Earlier this week, the Treasury released a consultation paper asking for input on the government’s proposed development of climate risk disclosure mandates. The Albanese government announced their intention to make it compulsory for banks and other big businesses to be transparent about their climate action after they came to power.
What is ‘Climate Risk Disclosure’?
‘Climate risk’, in the world of financial institutions, refers both to the direct physical risks of climate change, as well as the run-on risks it may pose to business. For example, rising temperatures might impact home and life insurance policies, or the transition to renewables might increase uncertainty in investment.
Climate risk disclosure refers to the obligation of businesses to be transparent about what their company is doing to mitigate these risks. Open disclosure of this kind can encourage investment by increasing clarity for stakeholders, and also combat greenwashing by holding businesses accountable for their climate action promises.
Climate risk disclosure frameworks are already operational in New Zealand and the UK, and are in development in the US, Switzerland and Singapore. These frameworks have made it mandatory for major businesses and financial institutions, including large banks, insurers and credit unions.
Australia’s own system will be designed in line with the International Sustainability Standards Board’s climate reporting guidelines. Erwin Jackson, the director of policy at the Investor Group on Climate Change (IGCC), said he was glad to see Australia “catching up” to the new global benchmark.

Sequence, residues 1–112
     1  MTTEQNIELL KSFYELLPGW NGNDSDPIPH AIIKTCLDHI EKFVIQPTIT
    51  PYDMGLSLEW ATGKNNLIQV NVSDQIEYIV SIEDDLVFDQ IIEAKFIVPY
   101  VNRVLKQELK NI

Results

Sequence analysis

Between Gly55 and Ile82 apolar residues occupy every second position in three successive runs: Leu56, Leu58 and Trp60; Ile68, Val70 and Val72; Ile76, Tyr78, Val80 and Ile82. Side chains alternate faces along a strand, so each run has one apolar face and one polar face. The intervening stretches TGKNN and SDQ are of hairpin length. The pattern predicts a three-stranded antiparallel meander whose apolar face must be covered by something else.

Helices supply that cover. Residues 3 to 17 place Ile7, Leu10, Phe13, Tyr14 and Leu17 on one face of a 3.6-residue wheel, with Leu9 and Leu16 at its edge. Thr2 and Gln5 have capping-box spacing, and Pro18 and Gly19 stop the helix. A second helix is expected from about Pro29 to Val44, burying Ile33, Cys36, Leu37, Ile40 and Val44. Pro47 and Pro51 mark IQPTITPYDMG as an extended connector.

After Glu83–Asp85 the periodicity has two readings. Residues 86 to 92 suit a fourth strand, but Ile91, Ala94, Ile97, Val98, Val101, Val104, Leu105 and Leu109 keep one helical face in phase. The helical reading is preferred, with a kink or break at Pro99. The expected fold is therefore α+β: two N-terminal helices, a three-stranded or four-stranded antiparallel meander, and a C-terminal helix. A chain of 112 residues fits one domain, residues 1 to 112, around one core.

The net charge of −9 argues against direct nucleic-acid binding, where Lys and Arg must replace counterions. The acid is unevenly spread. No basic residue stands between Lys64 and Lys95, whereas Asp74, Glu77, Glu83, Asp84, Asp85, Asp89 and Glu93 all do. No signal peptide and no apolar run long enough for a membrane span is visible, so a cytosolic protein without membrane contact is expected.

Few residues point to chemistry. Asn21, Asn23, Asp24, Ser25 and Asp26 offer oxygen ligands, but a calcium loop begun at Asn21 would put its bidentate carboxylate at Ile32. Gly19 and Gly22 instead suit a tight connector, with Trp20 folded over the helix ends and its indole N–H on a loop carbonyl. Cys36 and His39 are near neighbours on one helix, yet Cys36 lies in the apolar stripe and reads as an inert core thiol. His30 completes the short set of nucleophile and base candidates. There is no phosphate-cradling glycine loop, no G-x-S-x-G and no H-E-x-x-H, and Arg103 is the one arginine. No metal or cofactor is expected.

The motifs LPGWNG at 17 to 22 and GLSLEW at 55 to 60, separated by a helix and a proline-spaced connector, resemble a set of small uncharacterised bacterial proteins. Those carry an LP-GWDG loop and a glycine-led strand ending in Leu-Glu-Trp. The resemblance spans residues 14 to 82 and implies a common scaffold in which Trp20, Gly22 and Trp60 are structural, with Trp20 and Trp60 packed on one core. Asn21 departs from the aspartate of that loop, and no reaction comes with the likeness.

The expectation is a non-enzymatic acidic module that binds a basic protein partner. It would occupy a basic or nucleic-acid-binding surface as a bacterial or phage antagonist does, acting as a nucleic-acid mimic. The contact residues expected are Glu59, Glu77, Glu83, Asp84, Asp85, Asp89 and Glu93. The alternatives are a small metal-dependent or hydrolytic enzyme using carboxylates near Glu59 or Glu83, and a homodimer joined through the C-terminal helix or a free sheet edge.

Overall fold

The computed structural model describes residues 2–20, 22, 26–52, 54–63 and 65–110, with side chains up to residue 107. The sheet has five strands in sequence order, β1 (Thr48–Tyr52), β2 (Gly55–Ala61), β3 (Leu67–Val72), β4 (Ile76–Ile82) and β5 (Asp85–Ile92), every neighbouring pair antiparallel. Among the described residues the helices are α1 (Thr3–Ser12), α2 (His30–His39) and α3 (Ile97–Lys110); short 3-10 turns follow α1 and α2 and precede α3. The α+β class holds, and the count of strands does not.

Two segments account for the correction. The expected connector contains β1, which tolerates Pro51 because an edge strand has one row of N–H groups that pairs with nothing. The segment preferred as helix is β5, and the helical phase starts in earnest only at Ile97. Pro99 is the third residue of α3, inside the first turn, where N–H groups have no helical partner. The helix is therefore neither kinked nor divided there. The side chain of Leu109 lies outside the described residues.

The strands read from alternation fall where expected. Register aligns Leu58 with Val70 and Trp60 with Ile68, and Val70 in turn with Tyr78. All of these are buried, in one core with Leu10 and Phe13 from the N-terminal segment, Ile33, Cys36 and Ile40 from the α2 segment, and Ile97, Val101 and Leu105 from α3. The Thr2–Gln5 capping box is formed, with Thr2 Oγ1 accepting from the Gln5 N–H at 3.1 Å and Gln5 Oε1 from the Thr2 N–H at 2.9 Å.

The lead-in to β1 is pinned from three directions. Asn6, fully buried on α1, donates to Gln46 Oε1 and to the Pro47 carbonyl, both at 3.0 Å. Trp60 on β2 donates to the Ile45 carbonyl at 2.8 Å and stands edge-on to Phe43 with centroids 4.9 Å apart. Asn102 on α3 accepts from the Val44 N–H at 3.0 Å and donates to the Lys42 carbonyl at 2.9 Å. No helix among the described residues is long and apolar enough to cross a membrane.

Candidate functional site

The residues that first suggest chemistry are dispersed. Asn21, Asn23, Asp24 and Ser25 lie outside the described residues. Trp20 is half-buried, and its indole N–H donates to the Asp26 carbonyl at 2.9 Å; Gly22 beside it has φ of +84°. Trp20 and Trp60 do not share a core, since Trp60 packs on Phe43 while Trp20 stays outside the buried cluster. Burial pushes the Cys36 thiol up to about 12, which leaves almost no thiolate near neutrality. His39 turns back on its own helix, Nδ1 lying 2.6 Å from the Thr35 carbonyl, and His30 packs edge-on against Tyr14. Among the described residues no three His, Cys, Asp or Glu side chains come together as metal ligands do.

Describing the current situation, he said, “we have very large number of companies voluntarily disclosing at the moment but one company discloses one thing and another company discloses another thing and it’s really impossible for investors to get clear information to compare companies.”
Australia’s financial services sector has welcomed the government’s proposed disclosure mandate, with support from industry giants like the Australian Council of Superannuation Investors, Allianz, and the big four banks.
Business Actors and Climate Change
While there’s sustained and concentrated pressure on governments to implement progressive climate action programs, it’s not always the same for the business world. Although activists push companies to green their business, the profit-drive of the market means many people see governments as the more effective global actors to lobby.
But this doesn’t have to be the case – and in fact, pushing for more aggressive climate action among corporations can be more efficient, given their power. Treasurer Jim Chalmers is optimistic about “a new harmony between profit and planet” he sees in the global market.
And if Australia is to contribute to this harmony, the government believes “more information and greater transparency on how [businesses] are responding to climate change” is essential.
We have a long way to go. Recent research by the Australian Conservation Fund found our major banks and super funds are failing – ‘abysmally’ – to assess the damage their policies are having on the environment.
Only three of the organisations surveyed had assessed risks related to the destruction of nature and their mitigation. None of the big four banks had deforestation targets, and only half of surveyed organisations had a carbon offset policy.
As ACF’s business and nature campaigner noted, this is unacceptable given that “The financial sector bears particular responsibility for reversing the nature crisis because it decides which activities are financed or insured and under what conditions.”
Hopefully the climate risk disclosure mandates – which will be implemented as early as next year – will be a step in the right direction. The consultation paper will be open for submissions from industry participants until Feb 17, 2023.
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